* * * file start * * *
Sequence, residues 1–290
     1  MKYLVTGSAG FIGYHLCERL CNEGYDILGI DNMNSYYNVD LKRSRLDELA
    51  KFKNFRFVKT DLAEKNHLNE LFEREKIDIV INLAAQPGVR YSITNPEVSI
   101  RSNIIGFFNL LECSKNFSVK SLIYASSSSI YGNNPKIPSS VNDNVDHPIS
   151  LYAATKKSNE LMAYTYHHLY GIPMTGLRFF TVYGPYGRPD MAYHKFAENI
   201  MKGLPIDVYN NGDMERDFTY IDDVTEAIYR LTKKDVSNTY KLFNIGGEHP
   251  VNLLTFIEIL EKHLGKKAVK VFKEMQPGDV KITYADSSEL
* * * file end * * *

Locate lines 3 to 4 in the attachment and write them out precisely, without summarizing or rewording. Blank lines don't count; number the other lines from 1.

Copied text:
    51  KFKNFRFVKT DLAEKNHLNE LFEREKIDIV INLAAQPGVR YSITNPEVSI
   101  RSNIIGFFNL LECSKNFSVK SLIYASSSSI YGNNPKIPSS VNDNVDHPIS